#345 Humility: a hidden force towards equanimity Dec. 2 20

 Humility: one of our hidden force towards equanimity

 The following talk sounds distant from Zen philosophy, but stay tuned to the end.

Suppose you are at a job interview with the HR recruiter, and she/he is asking the following: “ What is one of your best qualities?”… and, after a short pause, you answered: “ Humility.” At this point, you probably just killed any hope of getting the job, regardless of your CV and experience.

Humility is a ‘no go’ in our Western rat-race world, especially in business. Its meanings carry negativity, such as docility, low self-esteem, meekness, resignation, inferiority complex, lack of pride and ambition, and so on.

In fact, based on the recent psychological research, being humble simply means to have the ability to accurately assess our deficiencies without denying our strengths and skills. Knowing what we don’t know is true knowledge — a kind of intellectual wisdom.

On the other hand, having this constant delusion of knowing a lot is, besides being arrogant, a trait of genuine ignorance,

To be humble is to be attentive and disposed to our own limitations, weaknesses, and mistakes.

A humble person does not ignore, avoid, or try to deny her/his limits or deficiencies.

On the contrary, if you’re humble, you do not carry a load of negative qualities, overconfidence, judgmental and patronizing behavior, etc….; all of them are traps in which we are stuck.

True humility is not thinking less of ourselves, it is thinking less of what we think! Learning from others is also an excellent trait of not only humility but also true self-confidence.

A mistake, that makes you humble, has far more positive impacts than any achievement that makes you proud and even overconfident.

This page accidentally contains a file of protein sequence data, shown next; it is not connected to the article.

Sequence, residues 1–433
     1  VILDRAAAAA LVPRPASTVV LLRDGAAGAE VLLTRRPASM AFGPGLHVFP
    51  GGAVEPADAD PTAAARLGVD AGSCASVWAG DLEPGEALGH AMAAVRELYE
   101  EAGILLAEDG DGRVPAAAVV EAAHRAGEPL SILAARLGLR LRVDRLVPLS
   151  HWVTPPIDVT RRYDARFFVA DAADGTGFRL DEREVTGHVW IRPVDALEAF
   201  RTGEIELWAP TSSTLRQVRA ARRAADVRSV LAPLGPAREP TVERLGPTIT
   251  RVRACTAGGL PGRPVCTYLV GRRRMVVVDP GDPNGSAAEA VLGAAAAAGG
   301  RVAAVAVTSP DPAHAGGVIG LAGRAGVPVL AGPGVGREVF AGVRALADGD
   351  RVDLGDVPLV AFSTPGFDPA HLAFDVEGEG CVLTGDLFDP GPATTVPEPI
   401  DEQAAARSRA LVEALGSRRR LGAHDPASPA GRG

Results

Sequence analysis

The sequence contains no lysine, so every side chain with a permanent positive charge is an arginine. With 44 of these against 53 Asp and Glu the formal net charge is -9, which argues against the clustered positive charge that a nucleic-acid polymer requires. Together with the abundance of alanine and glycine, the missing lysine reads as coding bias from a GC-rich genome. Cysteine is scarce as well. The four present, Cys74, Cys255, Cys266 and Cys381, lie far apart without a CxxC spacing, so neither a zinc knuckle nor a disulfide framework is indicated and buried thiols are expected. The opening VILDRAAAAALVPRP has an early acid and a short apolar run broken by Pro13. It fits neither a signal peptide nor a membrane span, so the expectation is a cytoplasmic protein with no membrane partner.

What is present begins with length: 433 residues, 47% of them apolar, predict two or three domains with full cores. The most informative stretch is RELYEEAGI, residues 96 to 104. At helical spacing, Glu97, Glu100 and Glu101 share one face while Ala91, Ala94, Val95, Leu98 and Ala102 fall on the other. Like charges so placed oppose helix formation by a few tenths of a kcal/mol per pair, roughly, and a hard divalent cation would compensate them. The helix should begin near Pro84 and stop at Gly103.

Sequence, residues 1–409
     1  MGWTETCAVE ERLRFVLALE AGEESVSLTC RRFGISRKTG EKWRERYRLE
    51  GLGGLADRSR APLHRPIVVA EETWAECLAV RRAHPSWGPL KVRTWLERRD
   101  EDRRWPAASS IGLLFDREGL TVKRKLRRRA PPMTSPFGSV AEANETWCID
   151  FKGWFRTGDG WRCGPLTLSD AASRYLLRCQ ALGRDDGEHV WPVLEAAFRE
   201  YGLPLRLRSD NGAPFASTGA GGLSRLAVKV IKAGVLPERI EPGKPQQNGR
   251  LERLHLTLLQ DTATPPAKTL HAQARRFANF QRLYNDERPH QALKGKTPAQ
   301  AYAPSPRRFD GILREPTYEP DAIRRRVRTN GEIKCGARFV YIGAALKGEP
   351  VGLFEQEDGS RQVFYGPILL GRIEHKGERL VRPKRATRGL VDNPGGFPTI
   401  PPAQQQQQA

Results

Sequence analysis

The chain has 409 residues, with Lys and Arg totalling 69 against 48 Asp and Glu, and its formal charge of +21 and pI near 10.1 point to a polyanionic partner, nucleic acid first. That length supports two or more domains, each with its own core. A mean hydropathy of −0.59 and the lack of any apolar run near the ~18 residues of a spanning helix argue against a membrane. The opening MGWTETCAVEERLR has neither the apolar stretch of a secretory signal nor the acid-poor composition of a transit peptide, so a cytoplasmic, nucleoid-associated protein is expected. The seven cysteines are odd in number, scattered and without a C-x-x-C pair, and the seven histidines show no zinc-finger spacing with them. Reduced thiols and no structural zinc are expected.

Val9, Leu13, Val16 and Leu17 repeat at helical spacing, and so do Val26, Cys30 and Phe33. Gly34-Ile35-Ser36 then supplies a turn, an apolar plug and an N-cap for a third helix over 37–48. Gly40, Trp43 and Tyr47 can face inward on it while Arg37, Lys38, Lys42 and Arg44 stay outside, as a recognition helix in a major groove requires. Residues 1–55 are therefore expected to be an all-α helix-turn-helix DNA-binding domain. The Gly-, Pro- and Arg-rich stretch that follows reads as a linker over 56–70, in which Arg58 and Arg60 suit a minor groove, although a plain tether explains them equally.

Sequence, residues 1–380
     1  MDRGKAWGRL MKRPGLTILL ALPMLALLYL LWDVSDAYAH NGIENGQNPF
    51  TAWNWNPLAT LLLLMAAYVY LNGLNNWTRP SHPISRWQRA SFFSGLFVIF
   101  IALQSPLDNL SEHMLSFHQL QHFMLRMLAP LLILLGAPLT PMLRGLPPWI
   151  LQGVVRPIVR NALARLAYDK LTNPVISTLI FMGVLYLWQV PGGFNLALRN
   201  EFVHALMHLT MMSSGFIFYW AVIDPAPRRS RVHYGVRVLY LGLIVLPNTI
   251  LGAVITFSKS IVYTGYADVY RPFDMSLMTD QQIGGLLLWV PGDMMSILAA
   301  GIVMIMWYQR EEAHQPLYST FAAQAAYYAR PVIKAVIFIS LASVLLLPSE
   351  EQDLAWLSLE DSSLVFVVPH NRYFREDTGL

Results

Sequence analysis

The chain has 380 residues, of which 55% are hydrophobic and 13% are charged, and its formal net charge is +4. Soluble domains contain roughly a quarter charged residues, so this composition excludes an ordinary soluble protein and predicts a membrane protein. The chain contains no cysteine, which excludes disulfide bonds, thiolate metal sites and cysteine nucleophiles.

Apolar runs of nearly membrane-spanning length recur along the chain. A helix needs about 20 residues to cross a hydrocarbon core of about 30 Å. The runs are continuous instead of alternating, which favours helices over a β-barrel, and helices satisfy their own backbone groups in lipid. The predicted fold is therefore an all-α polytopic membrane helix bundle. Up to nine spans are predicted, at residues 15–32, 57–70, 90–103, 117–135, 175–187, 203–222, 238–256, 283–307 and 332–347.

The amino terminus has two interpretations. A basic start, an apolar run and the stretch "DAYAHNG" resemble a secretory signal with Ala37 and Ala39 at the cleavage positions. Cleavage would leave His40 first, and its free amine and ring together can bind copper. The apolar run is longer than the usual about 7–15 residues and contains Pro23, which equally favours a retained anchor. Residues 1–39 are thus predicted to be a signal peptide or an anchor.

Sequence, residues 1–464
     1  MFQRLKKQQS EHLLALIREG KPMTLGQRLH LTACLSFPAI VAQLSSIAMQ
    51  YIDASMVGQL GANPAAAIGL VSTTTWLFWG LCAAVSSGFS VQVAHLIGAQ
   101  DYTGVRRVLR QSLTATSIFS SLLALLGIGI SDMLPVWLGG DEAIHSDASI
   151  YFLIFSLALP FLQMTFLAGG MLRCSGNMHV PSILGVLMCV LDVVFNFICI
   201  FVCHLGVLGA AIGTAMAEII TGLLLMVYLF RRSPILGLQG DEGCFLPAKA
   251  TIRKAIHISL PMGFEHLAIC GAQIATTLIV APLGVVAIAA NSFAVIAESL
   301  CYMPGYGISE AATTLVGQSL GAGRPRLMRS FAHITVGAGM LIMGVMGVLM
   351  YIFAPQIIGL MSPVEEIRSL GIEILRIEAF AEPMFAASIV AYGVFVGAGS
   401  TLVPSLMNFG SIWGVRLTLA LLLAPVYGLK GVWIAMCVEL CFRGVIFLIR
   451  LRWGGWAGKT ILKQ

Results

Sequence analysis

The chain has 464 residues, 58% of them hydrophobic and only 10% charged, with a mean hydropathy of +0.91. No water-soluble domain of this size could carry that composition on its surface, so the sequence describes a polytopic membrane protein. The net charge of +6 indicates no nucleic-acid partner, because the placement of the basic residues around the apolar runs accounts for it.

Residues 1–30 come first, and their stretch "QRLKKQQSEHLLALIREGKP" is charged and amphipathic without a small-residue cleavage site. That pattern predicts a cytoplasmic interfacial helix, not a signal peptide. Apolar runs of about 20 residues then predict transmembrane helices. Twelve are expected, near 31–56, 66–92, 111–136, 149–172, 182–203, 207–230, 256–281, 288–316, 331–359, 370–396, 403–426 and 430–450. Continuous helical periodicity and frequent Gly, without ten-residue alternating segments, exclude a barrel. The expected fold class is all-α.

When we come to the point where we have no need to impress anyone, our freedom and equanimity rise. The social and professional consequences of humility are obvious, i.e., the link between humility triggering forgiveness. Humility appears to be a great asset to sentimental, social, and professional relationships.

It’s also found that someone who is more humble is more likely to:

1) Initiate a long-term, romantic relationship, perhaps, because they’re less likely to see themselves as ‘too good’ for someone else.

2) Better listener,

2) Less judgmental.

3) Less intimidating,

4) Forgive more easily; the ability to forgive is very important because pain is an inevitable part of any social and professional relationships.  

We mess up often. Saying something we don’t mean, being inconsiderate or forgetting an important event. So, when looking for a partner, it is a good idea to find someone who recognizes that making mistakes is part of being human. 

Where Zen fits into all of this?

One of the key teachings of Zen is the practice of “Don’t know mind.” Initially understood as practicing ‘being ignorant” the meaning is exactly the opposite: it means to have an open and receptive mind rather than having a mind-set on everything.

Believing that we know a lot can be a great source of bitter delusions and restless minds whereas accepting “not knowing or open mind” brings serenity.   

Thank you.

#344: Start with the end in mind ….by Gaurav Dec. 20th 20

Start with the end in mind…

So what happens in the end? We become dirt. We may be buried, cremated, or as in the case of Zoroastrianism left to be fed to birds of prey and then become bird poop. Either way, the end is dirt. So why are we, the walking pile of ‘eventual’ dirt, so consumed by our individuality. We will mix in with the same dirt like everyone else. Yet we stress our importance and our insecurities like we are at the center of the universe! It is quite something. If we start to look at not just our problems but also simple joys with this lens we will see that what ‘matters’ to us doesn’t really matter in the grand scheme of things. Our attachment to our physicality, mental problems, and material possessions lead to much sorrow but to what end.